Late in September 2000, the Palestinian Authority kicked off a campaign of organized violence meant to hasten the final “liberation” of Israel from the Jews.
The fighting began with mobs throwing rocks and firebombs at Jewish civilians and vehicles. Soon it escalated to militiamen firing automatic weapons at Israeli troops — often from behind Palestinian teen-agers used as human shields.
There have been scenes of shocking barbarity.
On the eve of Rosh Hashana, a Muslim throng on the Temple Mount plaza hurled stones and bricks on worshippers at the Western Wall below. In Nablus, Arabs demolished Joseph’s Tomb, torching and smashing the ancient shrine in a frenzy of desecration. On Oct. 11, gunmen opened fire on mourners carrying Rabbi Hillel Lieberman to his grave; the rabbi had been killed trying to save the Torah scroll at Joseph’s Tomb. When three Israeli reservists took a wrong turn into Ramallah, two of them were lynched, their corpses mutilated beyond recognition, thrown from a second-story window, then dragged through the streets. The third, it was reported, was burned in his car.
[A few weeks later], a new atrocity: Palestinians bombed a school bus in Kfar Darom, murdering two teachers — one a mother of four, the other a father of six — and sending nine other passengers to the hospital. Among the wounded were 12-year-old Orit Cohen, whose right foot was blown off; her brother Yisrael, 8, who had to have half a leg amputated; and their little sister Tehila, 7, who may end up losing both legs.
Israeli officials keep pleading for a halt to the fighting. But rather than quell the violence, the Palestinian Authority has done its best to inflame it. Newspapers and broadcasters controlled by Yasser Arafat exhort Palestinians to continue the attacks “until victory.” There are glowing tributes to “martyrs” killed in clashes with Israeli troops. Palestinian TV even airs a call for worldwide pogroms:
“Our people must unite … to confront the Jews,” cried Dr. Ahmad Abu Halabiya in a sermon televised from a Gaza mosque on Oct. 13. “Have no mercy on the Jews, no matter where they are, in any country. Fight them wherever you are! Wherever you meet them, kill them! Wherever you are, kill those Jews and those Americans who are like them…. The slogan of us all should be, ‘Jihad! Jihad!'”
It might not occur to you to compare this Palestinian bloodlust to the American Revolution, but it occurred in September of 2000 to the American-Arab Anti-Discrimination Committee. In a full-page ad in The New York Times, the ADC proclaimed that the Arabs killed while attacking Jews “all died in the pursuit of liberty and independence.” Boxed in the center of the page was the credo from the Declaration of Independence: “We hold these truths to be self-evident, that all men are created equal, that they are endowed by their Creator with certain unalienable rights, that among these are life, liberty, and the pursuit of happiness.” And below Jefferson’s words, in boldface, this demand: “Stop the aggression against the Palestinians/ End the Israeli occupation.”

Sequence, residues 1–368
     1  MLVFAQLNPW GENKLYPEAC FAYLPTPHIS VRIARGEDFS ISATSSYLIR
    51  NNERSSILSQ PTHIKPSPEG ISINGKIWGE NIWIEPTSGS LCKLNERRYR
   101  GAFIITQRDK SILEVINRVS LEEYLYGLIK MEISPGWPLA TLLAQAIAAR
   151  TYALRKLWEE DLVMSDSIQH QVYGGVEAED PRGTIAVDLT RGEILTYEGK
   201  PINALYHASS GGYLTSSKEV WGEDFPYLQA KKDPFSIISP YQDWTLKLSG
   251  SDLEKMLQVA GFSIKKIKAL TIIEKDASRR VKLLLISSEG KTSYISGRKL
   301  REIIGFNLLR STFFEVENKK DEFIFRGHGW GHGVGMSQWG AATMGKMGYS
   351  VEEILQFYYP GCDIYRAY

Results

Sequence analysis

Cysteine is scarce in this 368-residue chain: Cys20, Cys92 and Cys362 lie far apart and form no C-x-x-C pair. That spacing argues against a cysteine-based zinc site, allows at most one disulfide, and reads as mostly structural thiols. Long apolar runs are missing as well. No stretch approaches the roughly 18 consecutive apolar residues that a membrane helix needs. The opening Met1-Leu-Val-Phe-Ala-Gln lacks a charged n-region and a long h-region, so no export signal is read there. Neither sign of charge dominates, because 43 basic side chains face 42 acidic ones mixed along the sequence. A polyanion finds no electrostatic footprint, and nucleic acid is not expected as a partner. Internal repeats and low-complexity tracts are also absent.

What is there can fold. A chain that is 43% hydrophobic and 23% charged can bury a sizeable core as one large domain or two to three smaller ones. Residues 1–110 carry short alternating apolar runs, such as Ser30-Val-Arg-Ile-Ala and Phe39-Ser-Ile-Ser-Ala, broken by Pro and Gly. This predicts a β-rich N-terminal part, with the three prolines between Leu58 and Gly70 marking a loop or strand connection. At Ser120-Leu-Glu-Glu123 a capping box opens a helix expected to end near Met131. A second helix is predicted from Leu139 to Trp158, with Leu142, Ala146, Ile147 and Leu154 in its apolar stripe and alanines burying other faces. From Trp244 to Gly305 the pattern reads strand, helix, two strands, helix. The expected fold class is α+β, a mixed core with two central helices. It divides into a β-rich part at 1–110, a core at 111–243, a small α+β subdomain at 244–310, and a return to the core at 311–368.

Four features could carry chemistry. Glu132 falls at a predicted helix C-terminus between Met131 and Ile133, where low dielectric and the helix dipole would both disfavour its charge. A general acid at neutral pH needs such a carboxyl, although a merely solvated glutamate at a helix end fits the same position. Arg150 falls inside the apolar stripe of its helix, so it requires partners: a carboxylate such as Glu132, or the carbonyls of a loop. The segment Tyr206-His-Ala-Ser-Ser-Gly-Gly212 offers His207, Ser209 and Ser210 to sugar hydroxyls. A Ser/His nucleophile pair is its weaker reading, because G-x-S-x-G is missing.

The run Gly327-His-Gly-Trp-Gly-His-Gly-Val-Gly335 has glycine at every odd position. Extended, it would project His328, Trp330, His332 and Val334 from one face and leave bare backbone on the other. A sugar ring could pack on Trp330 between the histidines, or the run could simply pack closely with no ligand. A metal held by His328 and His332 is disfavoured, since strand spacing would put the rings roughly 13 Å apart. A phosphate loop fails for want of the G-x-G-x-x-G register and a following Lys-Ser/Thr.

It surpasses grotesque to suggest that Arafat’s war against the Jews is about “liberty and independence” or that Palestinian violence is driven by the Spirit of ’76. Jefferson and his colleagues did not urge Americans to massacre civilians or destroy places of worship. They did not encourage children to throw themselves into the line of fire and promise cash rewards to the parents of every youthful “martyr.” Nor did their children’s schools and textbooks promote blind hatred of all Englishmen, or depict Great Britain as a fascist horror that God wanted them to destroy.
America’s revolutionary Patriots did not celebrate terrorists and suicide bombers. Their maps did not show a Europe wiped clean of England. They did not assure their followers that any peace accords signed with London were but steps in a “phased plan” to destroy Great Britain piecemeal. And the men of 1776 would not have walked away from the negotiating table if the most dovish prime minister in British history had offered them — as Ehud Barak offered the Palestinians — virtually everything they had demanded, including land, sovereignty, and shared control over the capital city.
The Israeli “occupation” ended years ago; nearly 100 percent of the Palestinian population now lives under Arafat’s rule. And nearly 100 percent of the “occupied” territories would now be Arafat’s as well — if only he had been willing to sign on the dotted line and declare the conflict finished.
But the conflict will never be finished, not until Israel is finished. Israel’s government may yearn for peace, but the Palestinian Authority yearns for victory. The more Israel offers for the sake of peace, the surer the Palestinians are that victory is just around the corner — and the readier they are to fight for it. In an opinion poll published last week by Bir Zeit University, 80 percent of Palestinians voice support for suicide attacks against Israeli targets.
Behold the fruit of the “peace” process: After seven years of Israeli concessions, four Palestinians in five are for war.
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